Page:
Astrocytes and Neurogenesis

By Melissa Lee Phillips
Neuroscience for Kids Consultant
May 21, 2002

Nerve cells (neurons) and glial cells (glia) are the two major types of cells present in the nervous system. For many years, glial cells were thought to only support the activities of neurons. Researchers thought that astrocytes -- glial cells named for their star-like appearance -- had only a supportive role in the central nervous system. It is well established that astrocytes help form a network on which neurons grow. Astrocytes fill in the space between neurons, take up neurotransmitters that are released by neurons, and help maintain the correct chemical concentrations around neurons.

Image courtesy of Biodidac
Within the past few years, however, attention has focused on the role of astrocytes in adult neurogenesis. Neurogenesis, the growth of new neurons from neural stem cells, has recently been shown to occur in adult mammals. In adults -- including humans -- neurogenesis has been observed in two specific areas: the subventricular zone (the area immediately surrounding the brain's ventricles) and the hippocampus. A study by researchers at the Salk Institute in California shows that astrocytes play a more important and active role in neurogenesis than previously thought.

The researchers took stem cells from the hippocampus of adult rats and engineered these cells so that they would express a green fluorescent protein (GFP). The GFP makes it easy to see these cells and all of the cells''s a bit like making the cells wear a glow-in-the-dark shirt. The stem cells were cultured with astrocytes from the hippocampus of newborn rats. The scientists found that neurogenesis was about eight times higher in cells that were cultured with astrocytes compared to those that were cultured without astrocytes. This increase in neurogenesis is consistent with previous studies. In those studies, however, it was unclear whether the astrocytes simply provided an environment that encouraged the survival and division of neural stem cells or if the astrocytes actually caused cells to become neurons. In this experiment, the researchers found that not only were more stem cells growing and maturing, but that the cells actually became neurons (instead of glia) about six times as often when they were in an astrocyte-enriched environment.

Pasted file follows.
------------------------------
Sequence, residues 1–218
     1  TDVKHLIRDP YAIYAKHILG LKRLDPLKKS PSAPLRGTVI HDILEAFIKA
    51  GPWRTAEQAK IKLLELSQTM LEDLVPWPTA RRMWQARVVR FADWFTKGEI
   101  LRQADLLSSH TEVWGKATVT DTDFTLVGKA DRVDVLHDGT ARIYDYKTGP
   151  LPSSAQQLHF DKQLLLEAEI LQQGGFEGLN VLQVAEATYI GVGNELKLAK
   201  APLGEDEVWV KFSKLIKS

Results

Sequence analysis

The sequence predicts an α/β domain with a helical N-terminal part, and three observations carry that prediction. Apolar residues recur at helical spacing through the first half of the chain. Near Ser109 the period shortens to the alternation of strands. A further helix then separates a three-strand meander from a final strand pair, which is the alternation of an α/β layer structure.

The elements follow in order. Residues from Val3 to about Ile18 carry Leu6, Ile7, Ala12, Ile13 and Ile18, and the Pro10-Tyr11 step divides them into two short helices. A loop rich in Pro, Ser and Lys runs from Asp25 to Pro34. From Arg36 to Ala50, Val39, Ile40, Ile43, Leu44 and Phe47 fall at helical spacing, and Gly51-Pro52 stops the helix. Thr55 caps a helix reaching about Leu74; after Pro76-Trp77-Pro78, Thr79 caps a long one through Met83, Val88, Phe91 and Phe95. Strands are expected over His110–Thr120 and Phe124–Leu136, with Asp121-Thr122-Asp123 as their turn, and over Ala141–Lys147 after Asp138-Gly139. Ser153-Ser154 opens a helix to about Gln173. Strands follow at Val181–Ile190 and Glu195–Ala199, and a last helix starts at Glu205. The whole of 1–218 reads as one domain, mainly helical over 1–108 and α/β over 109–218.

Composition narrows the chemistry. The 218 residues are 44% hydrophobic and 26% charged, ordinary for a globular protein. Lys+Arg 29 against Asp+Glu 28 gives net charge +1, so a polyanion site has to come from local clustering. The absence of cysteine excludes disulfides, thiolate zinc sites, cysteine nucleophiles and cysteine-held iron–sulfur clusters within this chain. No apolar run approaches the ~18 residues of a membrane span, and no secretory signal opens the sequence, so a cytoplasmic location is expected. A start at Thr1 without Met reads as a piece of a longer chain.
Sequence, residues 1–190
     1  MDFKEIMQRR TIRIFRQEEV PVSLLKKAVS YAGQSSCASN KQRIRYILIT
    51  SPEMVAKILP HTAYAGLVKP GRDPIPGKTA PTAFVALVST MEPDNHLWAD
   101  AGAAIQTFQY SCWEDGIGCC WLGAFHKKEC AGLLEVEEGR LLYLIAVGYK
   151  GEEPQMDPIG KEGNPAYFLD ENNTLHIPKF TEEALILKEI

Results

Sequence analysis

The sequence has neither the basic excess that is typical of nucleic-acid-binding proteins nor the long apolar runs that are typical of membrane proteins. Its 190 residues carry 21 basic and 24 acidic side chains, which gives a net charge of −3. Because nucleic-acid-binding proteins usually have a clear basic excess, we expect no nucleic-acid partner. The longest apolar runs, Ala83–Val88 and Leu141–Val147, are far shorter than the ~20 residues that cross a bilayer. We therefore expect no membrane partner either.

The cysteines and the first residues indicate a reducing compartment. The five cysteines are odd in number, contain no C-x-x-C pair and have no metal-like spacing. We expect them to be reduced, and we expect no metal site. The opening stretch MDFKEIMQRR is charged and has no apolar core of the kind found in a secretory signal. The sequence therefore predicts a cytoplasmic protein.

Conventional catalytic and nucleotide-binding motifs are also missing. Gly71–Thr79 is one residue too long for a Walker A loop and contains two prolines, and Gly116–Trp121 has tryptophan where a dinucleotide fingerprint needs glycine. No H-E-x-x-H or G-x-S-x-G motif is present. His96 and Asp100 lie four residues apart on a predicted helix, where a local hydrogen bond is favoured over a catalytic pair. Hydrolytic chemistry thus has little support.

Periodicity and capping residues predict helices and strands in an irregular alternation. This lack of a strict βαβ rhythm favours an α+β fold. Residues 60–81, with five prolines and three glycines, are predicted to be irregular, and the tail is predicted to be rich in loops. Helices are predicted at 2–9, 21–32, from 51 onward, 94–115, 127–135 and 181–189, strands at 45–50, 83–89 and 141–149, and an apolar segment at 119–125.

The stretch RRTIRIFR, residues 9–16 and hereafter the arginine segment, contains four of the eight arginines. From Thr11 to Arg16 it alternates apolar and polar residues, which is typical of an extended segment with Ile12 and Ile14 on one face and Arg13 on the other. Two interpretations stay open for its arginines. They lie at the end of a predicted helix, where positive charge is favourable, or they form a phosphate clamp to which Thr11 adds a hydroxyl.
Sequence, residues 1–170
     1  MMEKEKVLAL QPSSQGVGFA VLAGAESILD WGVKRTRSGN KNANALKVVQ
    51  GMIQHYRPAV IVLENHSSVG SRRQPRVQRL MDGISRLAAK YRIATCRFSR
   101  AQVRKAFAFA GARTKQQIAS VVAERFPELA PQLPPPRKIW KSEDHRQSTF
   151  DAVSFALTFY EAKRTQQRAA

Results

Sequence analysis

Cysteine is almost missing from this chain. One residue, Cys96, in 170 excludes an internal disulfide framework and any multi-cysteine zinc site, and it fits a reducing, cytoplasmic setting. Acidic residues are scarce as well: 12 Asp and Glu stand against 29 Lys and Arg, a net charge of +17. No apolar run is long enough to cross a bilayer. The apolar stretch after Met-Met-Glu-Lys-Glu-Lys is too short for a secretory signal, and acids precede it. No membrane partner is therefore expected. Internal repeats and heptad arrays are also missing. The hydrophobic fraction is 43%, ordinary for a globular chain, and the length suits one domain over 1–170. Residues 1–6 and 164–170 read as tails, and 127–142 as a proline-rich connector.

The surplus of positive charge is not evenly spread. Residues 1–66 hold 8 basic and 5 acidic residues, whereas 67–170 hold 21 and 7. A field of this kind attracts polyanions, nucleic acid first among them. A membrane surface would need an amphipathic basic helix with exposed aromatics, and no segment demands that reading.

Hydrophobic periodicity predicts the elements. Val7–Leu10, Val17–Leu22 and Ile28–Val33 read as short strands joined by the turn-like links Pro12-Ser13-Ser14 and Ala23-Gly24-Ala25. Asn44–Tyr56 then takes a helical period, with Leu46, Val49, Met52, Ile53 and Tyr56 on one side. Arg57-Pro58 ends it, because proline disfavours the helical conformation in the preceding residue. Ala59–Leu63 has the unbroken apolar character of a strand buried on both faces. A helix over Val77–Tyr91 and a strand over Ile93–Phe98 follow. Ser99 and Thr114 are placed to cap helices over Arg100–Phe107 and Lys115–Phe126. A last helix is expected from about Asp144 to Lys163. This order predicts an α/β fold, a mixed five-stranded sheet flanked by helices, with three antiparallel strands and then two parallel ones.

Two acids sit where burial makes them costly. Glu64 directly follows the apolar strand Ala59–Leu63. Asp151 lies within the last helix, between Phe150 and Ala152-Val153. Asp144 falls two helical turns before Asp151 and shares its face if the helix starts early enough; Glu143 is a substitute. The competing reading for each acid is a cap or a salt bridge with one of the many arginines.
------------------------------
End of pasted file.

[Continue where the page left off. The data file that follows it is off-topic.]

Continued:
Research involving stem cells is promising because it has the potential to develop new treatments for neurodegenerative diseases such as Alzheimer's disease and Parkinson's disease. If scientists can engineer stem cells to grow into neurons -- perhaps involving signals from astrocytes -- they might be able to repair or even prevent damage caused by these diseases.


  1. Reference: Song, H., Stevens, C.F., and Gage, F.H., "Astroglia induce neurogenesis from adult neural stem cells," Nature, Vol. 417, May 2, 2002, pp. 39-44.
  2. Svendsen, C.N., "The amazing astrocyte," Nature, Vol. 417, May 2, 2002, pp. 39-44.

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